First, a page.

Almonte Community Centre
182 Bridge St. Almonte
hgadbois@sympatico.ca
www.facebook.com/almontezombiewalk

Fall Tea & Bazaar

1:00pm – 3:00pm
St. Mary’s Council of the Catholic Women’s League of Almonte is hosting its annual Fall Tea and Bazaar at the Civitan Hall in Almonte. Visit their tearoom and shop for arts and crafts, jewellery, dishes, home-baked goods, and books. Buy raffle tickets and spin the wheel for prizes.
Almonte Civitan Hall
500 Almonte St., Almonte
613-257–8660

Potluck & Talent Show

6:00pm
Bring along your tastiest main course, salad or dessert, and your own dishes and cutlery, so we can avoid the use of disposables. Dinner begins promptly at 6pm and the show begins about 7:30. Admission is free, but of course donations for the upkeep of the hall are always welcome.
Union Hall
1984 Wolf Grove Rd. at Tatlock Rd., Mississippi Mills
camponi@storm.ca
613-256-2277

Almonte in Praise!

7:30pm
Choirs from Almonte churches will perform separately, as well as singing songs together as a massed choir.
Holy Name of Mary Church
134 Bridge St., Almonte
office@holynameofmaryparish.com
613-256-1034
www.holynameofmaryparish.com

SUNDAY, OCTOBER 30

Howl’oween Dog Costume Parade

3:30pm
3pm registration. Presented by Silver Poodle.
Gemmill Park Behind Community Ctr
182 Bridge St., Almonte
613-256-3495

Perth weekend guide: October 28 – 30

Thursday, October 27, 2016 @ 02:10 AM
posted by Tara McNeil

Perth Weekend Guide: October 28 – 30

Check out the weekend guide below to find out what is going on in your community.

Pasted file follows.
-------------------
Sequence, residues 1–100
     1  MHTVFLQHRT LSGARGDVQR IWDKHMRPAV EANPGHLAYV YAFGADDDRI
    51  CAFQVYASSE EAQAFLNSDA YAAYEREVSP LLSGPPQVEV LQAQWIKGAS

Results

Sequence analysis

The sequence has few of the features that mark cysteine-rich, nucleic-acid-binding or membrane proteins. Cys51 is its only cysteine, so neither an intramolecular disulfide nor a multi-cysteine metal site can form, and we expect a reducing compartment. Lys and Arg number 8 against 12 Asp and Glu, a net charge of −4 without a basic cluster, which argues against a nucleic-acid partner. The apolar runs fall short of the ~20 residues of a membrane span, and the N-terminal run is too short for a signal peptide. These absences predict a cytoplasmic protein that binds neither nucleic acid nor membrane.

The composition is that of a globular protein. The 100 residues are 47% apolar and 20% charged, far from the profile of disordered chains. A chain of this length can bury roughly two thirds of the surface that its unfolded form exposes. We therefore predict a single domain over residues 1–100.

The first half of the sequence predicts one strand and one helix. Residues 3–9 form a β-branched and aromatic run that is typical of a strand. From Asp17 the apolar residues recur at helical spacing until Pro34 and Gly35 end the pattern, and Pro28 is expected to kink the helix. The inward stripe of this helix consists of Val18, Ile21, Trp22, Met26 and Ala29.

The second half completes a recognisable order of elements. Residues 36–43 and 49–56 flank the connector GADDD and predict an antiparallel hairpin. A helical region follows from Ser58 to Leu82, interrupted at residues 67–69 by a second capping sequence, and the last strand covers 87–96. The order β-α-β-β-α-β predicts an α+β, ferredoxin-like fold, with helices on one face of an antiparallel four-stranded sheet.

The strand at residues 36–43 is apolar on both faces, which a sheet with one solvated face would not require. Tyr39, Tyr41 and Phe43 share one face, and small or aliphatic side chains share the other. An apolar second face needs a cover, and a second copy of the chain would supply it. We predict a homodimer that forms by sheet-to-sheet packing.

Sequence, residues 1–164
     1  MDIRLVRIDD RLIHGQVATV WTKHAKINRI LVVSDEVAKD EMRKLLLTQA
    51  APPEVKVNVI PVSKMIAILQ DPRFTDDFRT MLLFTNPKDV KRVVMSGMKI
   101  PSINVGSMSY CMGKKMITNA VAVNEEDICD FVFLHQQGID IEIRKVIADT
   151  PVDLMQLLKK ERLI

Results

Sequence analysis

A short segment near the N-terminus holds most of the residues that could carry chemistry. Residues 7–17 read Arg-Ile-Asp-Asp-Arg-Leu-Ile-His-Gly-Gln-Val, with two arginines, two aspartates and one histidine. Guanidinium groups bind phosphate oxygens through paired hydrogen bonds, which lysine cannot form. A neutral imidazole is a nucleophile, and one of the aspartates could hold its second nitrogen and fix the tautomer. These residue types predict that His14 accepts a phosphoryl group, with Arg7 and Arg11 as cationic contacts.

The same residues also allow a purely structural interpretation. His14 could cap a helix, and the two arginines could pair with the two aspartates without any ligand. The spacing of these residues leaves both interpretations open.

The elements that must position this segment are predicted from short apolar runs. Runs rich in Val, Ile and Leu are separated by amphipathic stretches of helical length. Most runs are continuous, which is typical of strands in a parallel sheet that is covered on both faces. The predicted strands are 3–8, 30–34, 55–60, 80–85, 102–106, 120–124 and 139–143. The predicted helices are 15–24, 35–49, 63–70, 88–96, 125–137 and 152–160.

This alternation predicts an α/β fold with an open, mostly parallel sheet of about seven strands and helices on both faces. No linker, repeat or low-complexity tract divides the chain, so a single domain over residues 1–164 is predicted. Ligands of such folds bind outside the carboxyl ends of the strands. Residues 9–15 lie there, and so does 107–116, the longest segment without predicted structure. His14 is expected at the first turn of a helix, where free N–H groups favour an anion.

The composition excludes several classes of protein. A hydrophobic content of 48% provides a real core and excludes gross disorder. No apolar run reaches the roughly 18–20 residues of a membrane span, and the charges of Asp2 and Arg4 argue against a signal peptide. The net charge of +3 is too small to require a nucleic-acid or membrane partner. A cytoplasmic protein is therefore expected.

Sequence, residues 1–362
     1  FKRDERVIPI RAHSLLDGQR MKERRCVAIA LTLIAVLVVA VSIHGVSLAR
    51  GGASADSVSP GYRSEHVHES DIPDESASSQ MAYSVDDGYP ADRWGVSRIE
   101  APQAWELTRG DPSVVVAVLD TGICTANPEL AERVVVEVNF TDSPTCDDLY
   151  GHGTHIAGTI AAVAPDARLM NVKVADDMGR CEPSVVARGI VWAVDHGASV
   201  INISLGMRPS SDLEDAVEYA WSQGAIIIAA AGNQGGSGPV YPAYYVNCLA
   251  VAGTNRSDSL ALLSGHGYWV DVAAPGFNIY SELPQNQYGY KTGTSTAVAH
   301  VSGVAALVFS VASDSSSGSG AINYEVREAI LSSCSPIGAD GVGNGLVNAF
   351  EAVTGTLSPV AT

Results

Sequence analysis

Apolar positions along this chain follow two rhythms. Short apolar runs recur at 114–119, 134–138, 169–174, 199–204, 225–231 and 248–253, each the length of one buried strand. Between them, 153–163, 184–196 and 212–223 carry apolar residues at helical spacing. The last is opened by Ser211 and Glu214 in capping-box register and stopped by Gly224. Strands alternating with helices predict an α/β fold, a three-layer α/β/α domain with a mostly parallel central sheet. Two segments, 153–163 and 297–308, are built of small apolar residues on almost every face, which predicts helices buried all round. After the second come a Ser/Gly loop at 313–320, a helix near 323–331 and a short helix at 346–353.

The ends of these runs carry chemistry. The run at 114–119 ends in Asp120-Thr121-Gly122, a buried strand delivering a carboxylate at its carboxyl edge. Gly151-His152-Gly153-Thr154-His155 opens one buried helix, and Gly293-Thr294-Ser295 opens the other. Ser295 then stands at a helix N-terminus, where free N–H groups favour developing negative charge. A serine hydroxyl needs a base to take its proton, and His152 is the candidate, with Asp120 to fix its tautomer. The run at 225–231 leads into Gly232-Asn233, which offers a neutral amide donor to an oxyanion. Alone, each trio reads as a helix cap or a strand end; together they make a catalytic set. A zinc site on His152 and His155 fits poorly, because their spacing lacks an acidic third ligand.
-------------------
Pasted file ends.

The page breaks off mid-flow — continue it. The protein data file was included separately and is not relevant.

FRIDAY, OCTOBER 28

Scottish Country Dancing

9:30am
Friday mornings. Beginners & experienced dancers welcome.
McMartin House
125 Gore St. E., Perth

THE WADE FOSTER TRIO

7:00pm – 9:00pm
The Perth Legion Ladies’ Auxiliary are hosting THE WADE FOSTER TRIO (Wade Foster, Henry Norwood, Shawn McCullough). Special Guests: The Burnside Sisters. Advance tickets are $15 at Marks’ Cobbler Shop (98 Gore St. East), available in the Legion Lounge or from any Ladies’ Auxiliary member. Light refreshments will be served.
Perth-upon-Tay Branch 244,
Royal Canadian Legion
26 Beckwith St. East, Perth
613-267-4400

Ghost Walk

7:00pm – 8:30pm
Join use on a ghost walk.
Matheson House Museum
11 Gore St E. Perth
613-267-3311

Halloween with Brea Lawrenson

9:00pm
“Her pure, powerful, country-tinged voice is full of soul. With just her and her guitar, she really played with the dynamics of the songs – increasing or decreasing her overall volume to create drama. Her repertoire featured a healthy dose of her original songs along with some tunes by Fleetwood Mac, KT Tunstall, and Cam. Overall, I would say that her solo performance had a much more ‘americana’ sound than pure country.” — Rob Riendeau, Pub Crawling, TheHumm, Oct 2015.
Golden Arrow
71 Foster St., Perth
613-267-4500

Home

River City Junction

8:00pm
Live Music
O’Reilly’s Pub
43 Gore St. E., Perth
613 267-7994
www.oreillyspubperth.com

SATURDAY,OCTOBER 29

THE RIDEAU LAKES ORCHESTRA: A DARK AND STORMY NIGHT

7:30pm
Alex Guerin will once again be conducting THE RIDEAU LAKES ORCHESTRA in presenting an evening of Halloween musical delights, featuring music from the darker side of Hollywood and stage. As well, Brent McLaren will be narrating a timeless classic, Prokofiev’s “Peter and the Wolf.” Other selections include music from: The Day the Earth Stood Still, Psycho, Lord of the Rings, and Dance of the Knights from the ballet Romeo and Juliet, and more!
The Studio Theatre

Halloween Party w/Jimmy Tri-Tone Band

8:00pm